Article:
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Ann R. Thryft
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Medical yes, military no
Ann R. Thryft   6/25/2013 3:18:05 PM
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Thanks for this report, Rob. It sure makes sense that neither one of these industries wanted to outsource manufacturing, especially not to offshore it. I'd be very surprised if the defense industry ever went for that. But I'm not totally surprised about medical devices, given their growing electronics content: that makes a lot of sense.

Rob Spiegel
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Re: Medical yes, military no
Rob Spiegel   6/25/2013 7:56:42 PM
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Ann, I think there are regulations preventing outsourcing of military devices. As for medical, I also am not surprised, espeically knowing that that the U.S. has a very robust EMS industry.

Charles Murray
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Outsourced to Europe and North America
Charles Murray   6/25/2013 8:00:14 PM
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It's intersting to note that the majority of the outsourcing goes to North America and Europe. My immediate reaction when I hear the word "oursourcing" is Asia, because so much of the PC industry's work is done in Asia.

Rob Spiegel
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Re: Outsourced to Europe and North America
Rob Spiegel   6/25/2013 11:21:56 PM
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Yes, Asia was certainly the largest wave. As well as PCs, it was everything electronic.

But, as Bob Dylan said, "Things have changed."

In the first quarter of 2013, after a number of years, North America again became the worlds laregest manufacturer, passing China.

 

Ann R. Thryft
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Re: Medical yes, military no
Ann R. Thryft   6/26/2013 12:36:13 PM
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You're right, Rob, there are such regulations. But there also used to be regulations, or just habits, against using open-platform software & hardware, and those got overturned when COTS was born.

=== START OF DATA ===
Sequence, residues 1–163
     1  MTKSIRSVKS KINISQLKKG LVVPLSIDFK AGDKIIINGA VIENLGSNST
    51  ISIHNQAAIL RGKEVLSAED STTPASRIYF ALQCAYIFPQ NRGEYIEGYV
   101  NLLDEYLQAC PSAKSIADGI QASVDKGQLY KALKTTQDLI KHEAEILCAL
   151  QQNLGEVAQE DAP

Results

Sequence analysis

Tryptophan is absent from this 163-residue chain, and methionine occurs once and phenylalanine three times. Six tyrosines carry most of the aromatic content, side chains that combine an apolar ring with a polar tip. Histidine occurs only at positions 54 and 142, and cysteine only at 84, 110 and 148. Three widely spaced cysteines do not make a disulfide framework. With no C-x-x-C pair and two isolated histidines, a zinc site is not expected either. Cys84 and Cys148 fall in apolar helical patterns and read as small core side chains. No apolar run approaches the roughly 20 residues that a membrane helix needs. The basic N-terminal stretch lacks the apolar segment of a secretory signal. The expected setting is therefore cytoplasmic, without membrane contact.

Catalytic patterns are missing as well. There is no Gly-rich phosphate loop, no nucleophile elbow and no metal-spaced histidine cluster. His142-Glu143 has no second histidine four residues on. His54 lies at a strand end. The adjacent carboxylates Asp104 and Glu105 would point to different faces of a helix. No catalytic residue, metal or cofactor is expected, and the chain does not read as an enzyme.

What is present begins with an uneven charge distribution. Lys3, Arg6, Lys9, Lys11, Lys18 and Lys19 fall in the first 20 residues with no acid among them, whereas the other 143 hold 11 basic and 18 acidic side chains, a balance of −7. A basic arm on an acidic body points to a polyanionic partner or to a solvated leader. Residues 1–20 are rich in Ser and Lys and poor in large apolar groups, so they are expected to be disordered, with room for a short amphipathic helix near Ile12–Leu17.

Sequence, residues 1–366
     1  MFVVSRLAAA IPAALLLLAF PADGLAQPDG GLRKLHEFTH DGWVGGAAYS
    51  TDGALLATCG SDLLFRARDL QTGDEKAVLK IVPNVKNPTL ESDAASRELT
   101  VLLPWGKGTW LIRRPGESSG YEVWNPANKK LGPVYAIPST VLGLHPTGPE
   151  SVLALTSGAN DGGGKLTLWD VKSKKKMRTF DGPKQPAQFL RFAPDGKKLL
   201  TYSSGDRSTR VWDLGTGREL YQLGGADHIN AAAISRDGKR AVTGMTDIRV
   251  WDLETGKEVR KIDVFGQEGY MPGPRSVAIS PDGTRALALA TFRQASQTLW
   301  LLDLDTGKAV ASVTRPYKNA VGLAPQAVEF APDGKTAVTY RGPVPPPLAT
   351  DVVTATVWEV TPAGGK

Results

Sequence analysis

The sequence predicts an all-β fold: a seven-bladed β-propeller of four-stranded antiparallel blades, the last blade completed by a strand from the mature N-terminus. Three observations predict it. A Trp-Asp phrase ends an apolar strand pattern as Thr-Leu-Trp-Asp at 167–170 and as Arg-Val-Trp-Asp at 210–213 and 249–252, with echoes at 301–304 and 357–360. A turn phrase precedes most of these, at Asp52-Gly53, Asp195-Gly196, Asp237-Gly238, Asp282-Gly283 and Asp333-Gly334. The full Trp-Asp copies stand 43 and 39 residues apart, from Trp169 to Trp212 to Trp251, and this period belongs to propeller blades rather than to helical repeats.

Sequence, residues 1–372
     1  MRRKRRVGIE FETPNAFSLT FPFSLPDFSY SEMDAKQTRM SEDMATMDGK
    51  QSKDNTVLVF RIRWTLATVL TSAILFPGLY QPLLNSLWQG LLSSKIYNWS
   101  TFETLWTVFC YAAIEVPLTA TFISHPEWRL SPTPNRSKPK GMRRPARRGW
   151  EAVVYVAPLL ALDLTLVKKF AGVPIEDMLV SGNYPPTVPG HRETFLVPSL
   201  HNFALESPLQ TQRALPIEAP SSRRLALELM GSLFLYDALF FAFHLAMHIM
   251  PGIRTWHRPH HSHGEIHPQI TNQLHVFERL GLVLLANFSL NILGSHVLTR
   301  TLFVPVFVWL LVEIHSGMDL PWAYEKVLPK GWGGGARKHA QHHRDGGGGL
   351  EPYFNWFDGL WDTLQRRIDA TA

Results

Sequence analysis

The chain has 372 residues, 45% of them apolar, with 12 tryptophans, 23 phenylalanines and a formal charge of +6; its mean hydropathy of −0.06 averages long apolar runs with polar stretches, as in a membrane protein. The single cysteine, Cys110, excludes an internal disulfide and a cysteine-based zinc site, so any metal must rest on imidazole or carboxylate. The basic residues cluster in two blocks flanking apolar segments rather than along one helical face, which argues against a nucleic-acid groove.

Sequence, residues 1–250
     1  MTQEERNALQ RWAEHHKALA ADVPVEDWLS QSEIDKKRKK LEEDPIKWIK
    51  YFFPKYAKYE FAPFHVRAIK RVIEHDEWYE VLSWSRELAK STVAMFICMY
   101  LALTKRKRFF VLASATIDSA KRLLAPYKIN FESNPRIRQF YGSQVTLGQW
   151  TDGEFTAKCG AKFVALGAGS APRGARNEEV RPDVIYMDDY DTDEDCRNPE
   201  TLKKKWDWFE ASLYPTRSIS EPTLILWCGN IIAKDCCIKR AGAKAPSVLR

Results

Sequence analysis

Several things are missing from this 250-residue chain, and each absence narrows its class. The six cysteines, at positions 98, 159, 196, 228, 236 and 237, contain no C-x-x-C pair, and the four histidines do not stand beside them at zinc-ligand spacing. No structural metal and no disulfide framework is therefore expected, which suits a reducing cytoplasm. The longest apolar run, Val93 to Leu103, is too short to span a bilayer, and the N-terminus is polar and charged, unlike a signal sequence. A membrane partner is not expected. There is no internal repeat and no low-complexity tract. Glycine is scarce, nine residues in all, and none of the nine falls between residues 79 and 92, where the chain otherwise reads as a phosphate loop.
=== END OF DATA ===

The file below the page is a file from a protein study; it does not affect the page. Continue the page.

Rob Spiegel
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Re: Medical yes, military no
Rob Spiegel   6/26/2013 1:25:47 PM
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I think the move to COTS was a good idea in most applications. It helped end -- or curtail -- the $700 hammer and the Golden Fleece awards.

Ann R. Thryft
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Re: Medical yes, military no
Ann R. Thryft   6/26/2013 1:53:10 PM
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COTS is definitely a two-edged sword. You're right about the cost savings. But it's also true that the idea of using Microsoft Windows for critical DoD platforms, let alone the Global Information Grid, left a lot of people scratching their heads. Some things should NOT be open platform.

JimT@Future-Product-Innovations
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Re: Medical yes, military no
JimT@Future-Product-Innovations   6/26/2013 4:40:28 PM
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The US State Department, cooperating with the US Commerce Department regulates all Military classified projects as 'ITAR' – International Traffic in Arms Regulations.  If a company is developing a product internally (long before its commercial launch), their product is pre-classified either as ITAR or non ITAR, based on voluntary internal auditing and compliance.

If a program is deemed to be ITAR, the State Department strictly requires that all design, manufacturing, and any involvement on any component whatsoever, be completed by a US Citizen in a US facility on US soil.  Not even a Canadian in Iowa (for example), is allowable to work in any capacity under ITAR regulations.  Nor could any American design so much as a custom switch-cover in Hong-Kong.

Absolutely zero tolerance for any non-US-citizen to even see so much as a marketing brochure.

JimT@Future-Product-Innovations
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Re: Outsourced to Europe and North America
JimT@Future-Product-Innovations   6/26/2013 4:46:08 PM
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After the outsourcing explosion that detonated in 2000, and after living thru the deteriorating US manufactures' gloomy dilemma's, I didn't realize that pendulum had swung back all the way, as of this year.  – It's very good news for American Jobs.  Outsourcing does not have to mean "Off-Shore".

Ann R. Thryft
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Re: Medical yes, military no
Ann R. Thryft   6/26/2013 5:54:12 PM
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Thanks for that definition, Jim. I remembered it, but only vaguely and not the ITAR name. And you are right about the distinction between the terms "outsourcing" and "offshoring."

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